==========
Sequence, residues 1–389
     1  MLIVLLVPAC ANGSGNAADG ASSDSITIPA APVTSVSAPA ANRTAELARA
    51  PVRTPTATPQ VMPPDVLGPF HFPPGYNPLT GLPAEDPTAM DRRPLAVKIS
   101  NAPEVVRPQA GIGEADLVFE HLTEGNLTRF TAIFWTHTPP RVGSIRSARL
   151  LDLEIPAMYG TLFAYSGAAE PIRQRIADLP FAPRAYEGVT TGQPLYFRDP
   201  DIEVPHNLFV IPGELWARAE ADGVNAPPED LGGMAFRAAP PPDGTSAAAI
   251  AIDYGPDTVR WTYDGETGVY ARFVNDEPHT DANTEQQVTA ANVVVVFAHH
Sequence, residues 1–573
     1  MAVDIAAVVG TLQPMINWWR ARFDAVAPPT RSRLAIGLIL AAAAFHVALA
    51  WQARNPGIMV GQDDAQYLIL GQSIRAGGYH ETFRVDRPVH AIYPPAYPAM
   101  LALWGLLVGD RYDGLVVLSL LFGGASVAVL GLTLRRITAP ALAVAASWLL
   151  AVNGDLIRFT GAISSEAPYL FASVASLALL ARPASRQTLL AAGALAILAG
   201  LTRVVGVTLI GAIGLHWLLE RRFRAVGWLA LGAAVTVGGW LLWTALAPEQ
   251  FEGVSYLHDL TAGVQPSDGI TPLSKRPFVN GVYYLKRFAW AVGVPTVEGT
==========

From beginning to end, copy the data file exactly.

Sequence, residues 1–389
     1  MLIVLLVPAC ANGSGNAADG ASSDSITIPA APVTSVSAPA ANRTAELARA
    51  PVRTPTATPQ VMPPDVLGPF HFPPGYNPLT GLPAEDPTAM DRRPLAVKIS
   101  NAPEVVRPQA GIGEADLVFE HLTEGNLTRF TAIFWTHTPP RVGSIRSARL
   151  LDLEIPAMYG TLFAYSGAAE PIRQRIADLP FAPRAYEGVT TGQPLYFRDP
   201  DIEVPHNLFV IPGELWARAE ADGVNAPPED LGGMAFRAAP PPDGTSAAAI
   251  AIDYGPDTVR WTYDGETGVY ARFVNDEPHT DANTEQQVTA ANVVVVFAHH
Sequence, residues 1–573
     1  MAVDIAAVVG TLQPMINWWR ARFDAVAPPT RSRLAIGLIL AAAAFHVALA
    51  WQARNPGIMV GQDDAQYLIL GQSIRAGGYH ETFRVDRPVH AIYPPAYPAM
   101  LALWGLLVGD RYDGLVVLSL LFGGASVAVL GLTLRRITAP ALAVAASWLL
   151  AVNGDLIRFT GAISSEAPYL FASVASLALL ARPASRQTLL AAGALAILAG
   201  LTRVVGVTLI GAIGLHWLLE RRFRAVGWLA LGAAVTVGGW LLWTALAPEQ
   251  FEGVSYLHDL TAGVQPSDGI TPLSKRPFVN GVYYLKRFAW AVGVPTVEGT